New Brunswick

Has the Atlantic bubble already opened to the rest of Canada?

Premier Blaine Higgs says it will be at least another week before New Brunswick even considers opening up to the rest of Canada, but in a way, it already has through its Atlantic bubble agreement with Nova Scotia.

Nova Scotia's borders have never been closed to any visitors, as long as they self-isolate for 14 days

Premier Blaine Higgs says discussions are ongoing about opening up the region to the rest of Canada. (Government of New Brunswick/Submitted)

Premier Blaine Higgs says it will be at least another week before New Brunswick even considers opening up to the rest of Canada, but in a way, it already has through its Atlantic bubble agreement with Nova Scotia.

So has P.E.I.

Nova Scotia's borders have never been closed to visitors.

Since the beginning of the COVID-19 pandemic in March, anyone from any province or territory has been able to enter Nova Scotia for any reason as long as they self-isolated for 14 days, confirmed Heather Fairbairn, spokesperson for the Department of Health and Wellness.

Since the Atlantic bubble started on July 3, those visitors have been able to travel freely within the three Maritime provinces once their isolation is complete. (Newfoundland and Labrador allows only Maritime residents to enter, unless they have been granted exemptions.)

So even though New Brunswick has kept tight reins on those it allows in, and the conditions they have to meet, anyone who wants to get into the province could get in by going through Nova Scotia first.

Higgs told CBC News he was "fully aware" of Nova Scotia's open-door policy and that their visitors could continue on into New Brunswick.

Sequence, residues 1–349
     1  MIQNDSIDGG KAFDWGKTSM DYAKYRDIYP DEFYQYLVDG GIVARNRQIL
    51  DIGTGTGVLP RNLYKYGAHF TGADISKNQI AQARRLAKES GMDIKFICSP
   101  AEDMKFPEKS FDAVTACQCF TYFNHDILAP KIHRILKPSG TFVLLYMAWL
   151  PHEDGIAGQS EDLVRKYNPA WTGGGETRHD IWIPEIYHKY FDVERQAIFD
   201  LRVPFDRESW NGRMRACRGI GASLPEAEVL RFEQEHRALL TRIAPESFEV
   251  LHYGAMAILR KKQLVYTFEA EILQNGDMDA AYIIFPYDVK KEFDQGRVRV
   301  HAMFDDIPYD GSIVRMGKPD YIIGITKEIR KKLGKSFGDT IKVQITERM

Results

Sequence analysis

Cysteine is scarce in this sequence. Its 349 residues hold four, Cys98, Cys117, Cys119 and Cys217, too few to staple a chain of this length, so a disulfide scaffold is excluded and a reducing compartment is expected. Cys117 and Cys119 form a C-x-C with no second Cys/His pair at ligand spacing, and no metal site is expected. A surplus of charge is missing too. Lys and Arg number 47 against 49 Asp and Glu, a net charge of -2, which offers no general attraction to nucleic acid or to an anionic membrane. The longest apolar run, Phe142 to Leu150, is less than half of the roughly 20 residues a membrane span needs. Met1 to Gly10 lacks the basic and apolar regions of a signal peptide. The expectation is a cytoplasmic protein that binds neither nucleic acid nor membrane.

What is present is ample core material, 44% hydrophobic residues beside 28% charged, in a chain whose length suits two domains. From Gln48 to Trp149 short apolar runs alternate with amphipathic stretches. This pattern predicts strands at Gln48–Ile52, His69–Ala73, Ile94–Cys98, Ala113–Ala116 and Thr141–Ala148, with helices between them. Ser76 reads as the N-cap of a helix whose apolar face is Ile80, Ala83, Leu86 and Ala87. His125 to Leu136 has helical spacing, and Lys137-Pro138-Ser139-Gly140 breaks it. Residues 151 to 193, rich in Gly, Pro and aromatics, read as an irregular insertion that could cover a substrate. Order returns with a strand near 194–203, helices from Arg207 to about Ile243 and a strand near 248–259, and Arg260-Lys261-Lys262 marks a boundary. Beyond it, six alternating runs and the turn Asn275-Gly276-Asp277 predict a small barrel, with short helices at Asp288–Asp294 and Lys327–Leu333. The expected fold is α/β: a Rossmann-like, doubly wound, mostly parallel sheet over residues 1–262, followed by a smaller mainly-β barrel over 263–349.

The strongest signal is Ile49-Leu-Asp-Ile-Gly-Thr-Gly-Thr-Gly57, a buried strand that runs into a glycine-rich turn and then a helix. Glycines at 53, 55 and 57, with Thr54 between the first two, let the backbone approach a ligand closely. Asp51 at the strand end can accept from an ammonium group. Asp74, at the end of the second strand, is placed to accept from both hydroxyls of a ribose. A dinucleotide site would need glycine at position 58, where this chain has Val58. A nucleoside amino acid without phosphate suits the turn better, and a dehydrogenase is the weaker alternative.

"We have the Atlantic bubble, and the idea of doing that was to allow free travel to people that have isolated, people that we considered that should have free movement within this region," he said.

"We too have been bringing family and friends to New Brunswick, and they would self-isolate for 14 days and then they're allowed to travel around to different provinces in the Atlantic region."

For example, New Brunswick dropped requirements in June for out-of-province workers to self-isolate, even though Nova Scotia still requires workers living in the province and working elsewhere to self-isolate for 14 days when arriving home. 

"So this is a reciprocal kind of program and … so far, it's been working well," said Higgs

Raywat Deonandan, an epidemiologist at the University of Ottawa, thinks any outbreaks will be driven by international travellers. (Supplied by Raywat Deonandan)

Epidemiologist Raywat Deonandan, calls it "surprising" and "strange." 

"I thought the bubble idea was that the borders were sealed entirely," said Deonandan, an associate professor with the faculty of health sciences at the University of Ottawa.